A federal district court judge in Chicago sentenced Robert O’Rourke, a former employee of iron bar manufacturer Dura-Bar, to one year and one day in prison last week for stealing trade secrets. Well, not quite. O’Rourke was convicted on February 25 of seven counts of stealing and attempting to steal trade secrets, but moved for a new trial. In her October 11 order, Judge Andrea Wood denied the motion, holding that the trial evidence demonstrated O’Rourke’s intent to steal and use trade secrets—even if some of the proprietary information stolen did not actually constitute a trade secret.
O’Rourke resigned from his position at Dura-Bar to join a Chinese competitor as Vice President of Research and Development. On a Sunday just prior to his departure, O’Rourke entered Dura-Bar’s facilities and downloaded some of its information onto a personal hard drive. O’Rourke was ultimately arrested by U.S. Customs & Border Patrol Officers while attempting to board a flight to China, hard drive in hand.
In his post-conviction motion for a new trial, O’Rourke argued that he could not be convicted of attempted theft of trade secrets under 18 U.S.C. § 1832 unless the U.S. Attorney proved that the proprietary information at issue actually was a trade secret. The Court disagreed. Drawing parallels to drug busts, the Court held that just as an individual could be convicted for attempting to distribute “sham cocaine” planted by police officers, so too could an individual be convicted for attempting to steal trade secrets—even if they weren’t actually trade secrets.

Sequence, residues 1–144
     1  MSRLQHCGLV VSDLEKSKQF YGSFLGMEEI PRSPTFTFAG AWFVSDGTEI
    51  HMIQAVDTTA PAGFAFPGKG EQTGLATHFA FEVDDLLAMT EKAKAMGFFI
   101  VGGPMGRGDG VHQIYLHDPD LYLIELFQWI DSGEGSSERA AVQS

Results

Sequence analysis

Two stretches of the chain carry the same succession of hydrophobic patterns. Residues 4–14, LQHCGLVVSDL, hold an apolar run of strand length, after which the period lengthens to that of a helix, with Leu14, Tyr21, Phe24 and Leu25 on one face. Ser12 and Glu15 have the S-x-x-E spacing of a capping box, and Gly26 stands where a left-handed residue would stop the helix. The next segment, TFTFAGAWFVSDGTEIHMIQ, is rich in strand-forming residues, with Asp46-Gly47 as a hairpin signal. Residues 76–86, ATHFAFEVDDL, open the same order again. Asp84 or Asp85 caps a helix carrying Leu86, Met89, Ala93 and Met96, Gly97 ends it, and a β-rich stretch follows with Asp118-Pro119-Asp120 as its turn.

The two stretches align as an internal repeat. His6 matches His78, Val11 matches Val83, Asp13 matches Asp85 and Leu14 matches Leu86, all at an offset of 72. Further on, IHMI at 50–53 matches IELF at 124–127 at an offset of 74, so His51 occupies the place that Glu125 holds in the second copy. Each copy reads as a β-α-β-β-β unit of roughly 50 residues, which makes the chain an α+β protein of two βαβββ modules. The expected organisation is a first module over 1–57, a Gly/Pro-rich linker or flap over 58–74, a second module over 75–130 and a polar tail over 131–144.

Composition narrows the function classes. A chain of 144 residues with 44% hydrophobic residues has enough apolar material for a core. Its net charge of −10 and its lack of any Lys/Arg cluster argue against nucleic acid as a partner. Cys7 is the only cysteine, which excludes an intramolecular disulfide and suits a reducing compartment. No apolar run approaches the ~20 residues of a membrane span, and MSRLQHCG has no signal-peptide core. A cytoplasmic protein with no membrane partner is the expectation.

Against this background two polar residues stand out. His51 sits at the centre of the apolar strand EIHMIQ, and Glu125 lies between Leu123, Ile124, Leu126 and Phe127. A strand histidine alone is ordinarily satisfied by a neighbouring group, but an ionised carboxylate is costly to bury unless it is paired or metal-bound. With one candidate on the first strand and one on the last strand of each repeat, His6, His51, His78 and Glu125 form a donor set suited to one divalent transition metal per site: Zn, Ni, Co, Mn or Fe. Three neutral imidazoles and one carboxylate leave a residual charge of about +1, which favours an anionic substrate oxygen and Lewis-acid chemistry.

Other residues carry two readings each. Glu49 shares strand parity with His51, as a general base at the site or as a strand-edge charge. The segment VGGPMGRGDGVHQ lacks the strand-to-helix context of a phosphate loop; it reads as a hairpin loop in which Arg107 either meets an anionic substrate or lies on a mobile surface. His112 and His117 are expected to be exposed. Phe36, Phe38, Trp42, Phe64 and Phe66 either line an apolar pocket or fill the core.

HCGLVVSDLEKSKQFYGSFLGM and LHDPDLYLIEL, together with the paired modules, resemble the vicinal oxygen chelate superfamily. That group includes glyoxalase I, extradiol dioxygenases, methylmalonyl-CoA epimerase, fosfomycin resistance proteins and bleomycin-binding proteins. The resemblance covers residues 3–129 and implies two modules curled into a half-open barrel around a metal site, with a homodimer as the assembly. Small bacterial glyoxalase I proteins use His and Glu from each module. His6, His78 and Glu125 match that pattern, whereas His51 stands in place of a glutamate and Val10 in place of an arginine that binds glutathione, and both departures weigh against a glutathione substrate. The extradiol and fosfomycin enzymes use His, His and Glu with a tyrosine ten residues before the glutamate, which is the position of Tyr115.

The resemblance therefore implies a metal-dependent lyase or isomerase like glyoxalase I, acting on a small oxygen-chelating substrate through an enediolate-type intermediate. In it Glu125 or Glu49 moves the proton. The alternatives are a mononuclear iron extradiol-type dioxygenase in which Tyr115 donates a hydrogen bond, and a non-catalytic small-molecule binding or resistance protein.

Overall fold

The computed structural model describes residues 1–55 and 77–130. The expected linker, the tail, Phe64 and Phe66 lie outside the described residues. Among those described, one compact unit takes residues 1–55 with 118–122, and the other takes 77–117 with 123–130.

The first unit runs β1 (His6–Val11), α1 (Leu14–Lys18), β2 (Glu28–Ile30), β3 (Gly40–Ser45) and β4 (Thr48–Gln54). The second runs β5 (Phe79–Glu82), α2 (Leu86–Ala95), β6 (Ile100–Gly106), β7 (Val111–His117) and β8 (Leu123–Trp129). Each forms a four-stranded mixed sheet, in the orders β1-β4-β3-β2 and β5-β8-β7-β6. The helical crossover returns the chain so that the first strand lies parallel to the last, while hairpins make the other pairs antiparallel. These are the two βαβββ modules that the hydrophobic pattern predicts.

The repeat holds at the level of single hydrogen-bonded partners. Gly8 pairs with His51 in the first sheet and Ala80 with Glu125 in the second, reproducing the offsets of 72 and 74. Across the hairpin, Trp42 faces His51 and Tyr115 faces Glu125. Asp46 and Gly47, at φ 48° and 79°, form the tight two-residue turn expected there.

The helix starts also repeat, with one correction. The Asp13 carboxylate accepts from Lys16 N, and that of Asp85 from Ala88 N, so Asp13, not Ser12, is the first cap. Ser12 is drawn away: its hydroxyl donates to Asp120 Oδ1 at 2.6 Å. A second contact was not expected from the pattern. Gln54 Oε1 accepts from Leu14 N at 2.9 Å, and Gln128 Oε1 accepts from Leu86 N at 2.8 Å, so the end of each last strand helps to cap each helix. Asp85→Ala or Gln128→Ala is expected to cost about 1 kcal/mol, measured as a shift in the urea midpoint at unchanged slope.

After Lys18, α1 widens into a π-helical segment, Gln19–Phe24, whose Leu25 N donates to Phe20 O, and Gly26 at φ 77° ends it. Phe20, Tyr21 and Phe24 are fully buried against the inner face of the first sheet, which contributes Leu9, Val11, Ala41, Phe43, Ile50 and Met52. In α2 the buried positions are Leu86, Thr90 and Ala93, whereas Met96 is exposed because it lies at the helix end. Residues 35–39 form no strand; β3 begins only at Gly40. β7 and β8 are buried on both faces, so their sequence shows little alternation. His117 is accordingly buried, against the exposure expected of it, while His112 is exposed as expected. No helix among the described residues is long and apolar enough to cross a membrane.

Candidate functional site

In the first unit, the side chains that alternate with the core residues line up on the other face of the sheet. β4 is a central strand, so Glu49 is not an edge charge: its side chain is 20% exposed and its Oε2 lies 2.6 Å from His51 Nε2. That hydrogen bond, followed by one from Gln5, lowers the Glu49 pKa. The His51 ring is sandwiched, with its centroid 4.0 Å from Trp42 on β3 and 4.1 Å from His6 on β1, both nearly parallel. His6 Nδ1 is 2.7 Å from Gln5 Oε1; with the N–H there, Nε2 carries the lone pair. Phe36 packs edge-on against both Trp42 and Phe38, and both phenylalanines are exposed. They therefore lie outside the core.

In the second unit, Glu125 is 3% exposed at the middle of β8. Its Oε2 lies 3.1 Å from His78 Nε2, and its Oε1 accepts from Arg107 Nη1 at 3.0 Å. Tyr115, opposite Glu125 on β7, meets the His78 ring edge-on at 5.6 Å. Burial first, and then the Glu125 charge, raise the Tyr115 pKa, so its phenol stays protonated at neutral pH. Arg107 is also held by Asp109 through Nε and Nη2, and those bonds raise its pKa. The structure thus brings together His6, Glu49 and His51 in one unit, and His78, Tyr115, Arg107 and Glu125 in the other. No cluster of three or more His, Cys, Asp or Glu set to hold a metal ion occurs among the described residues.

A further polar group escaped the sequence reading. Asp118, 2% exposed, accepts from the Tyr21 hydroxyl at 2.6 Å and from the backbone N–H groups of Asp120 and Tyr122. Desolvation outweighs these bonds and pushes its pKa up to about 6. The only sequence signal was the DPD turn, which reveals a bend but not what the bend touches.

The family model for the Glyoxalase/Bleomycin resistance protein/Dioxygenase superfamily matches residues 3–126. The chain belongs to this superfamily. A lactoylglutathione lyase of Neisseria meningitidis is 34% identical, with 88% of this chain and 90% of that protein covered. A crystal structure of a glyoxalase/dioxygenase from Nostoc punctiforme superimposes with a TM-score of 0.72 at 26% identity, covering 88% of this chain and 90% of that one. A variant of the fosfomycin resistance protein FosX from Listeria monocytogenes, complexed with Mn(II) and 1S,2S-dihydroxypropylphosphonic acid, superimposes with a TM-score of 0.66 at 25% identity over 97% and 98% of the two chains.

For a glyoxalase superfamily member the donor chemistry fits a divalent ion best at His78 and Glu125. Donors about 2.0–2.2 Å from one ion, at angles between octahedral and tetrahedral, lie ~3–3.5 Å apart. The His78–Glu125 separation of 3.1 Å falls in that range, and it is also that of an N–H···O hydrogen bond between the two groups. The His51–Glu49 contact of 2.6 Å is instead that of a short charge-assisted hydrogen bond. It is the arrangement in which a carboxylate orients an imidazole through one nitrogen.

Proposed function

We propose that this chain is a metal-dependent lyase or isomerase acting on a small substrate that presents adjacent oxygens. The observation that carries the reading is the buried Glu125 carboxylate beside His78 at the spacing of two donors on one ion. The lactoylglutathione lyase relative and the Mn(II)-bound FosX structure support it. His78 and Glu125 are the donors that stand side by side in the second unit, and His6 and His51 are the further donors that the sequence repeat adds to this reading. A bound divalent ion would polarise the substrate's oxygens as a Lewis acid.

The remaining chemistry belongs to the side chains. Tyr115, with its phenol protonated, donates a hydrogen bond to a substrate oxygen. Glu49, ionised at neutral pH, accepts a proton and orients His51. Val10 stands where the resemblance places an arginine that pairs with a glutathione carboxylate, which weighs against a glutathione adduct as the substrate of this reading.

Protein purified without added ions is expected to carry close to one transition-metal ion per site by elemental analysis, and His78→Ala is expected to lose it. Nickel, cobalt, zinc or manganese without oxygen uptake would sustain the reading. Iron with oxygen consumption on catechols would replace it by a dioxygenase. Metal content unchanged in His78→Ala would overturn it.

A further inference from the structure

While the one year sentence in this case was below the federal sentencing guideline recommendation, Judge Wood’s order may nonetheless encourage a more aggressive prosecution of attempted trade secret theft, particularly as the government continues to focus on China’s potential acquisition of U.S. IP and trade secret information.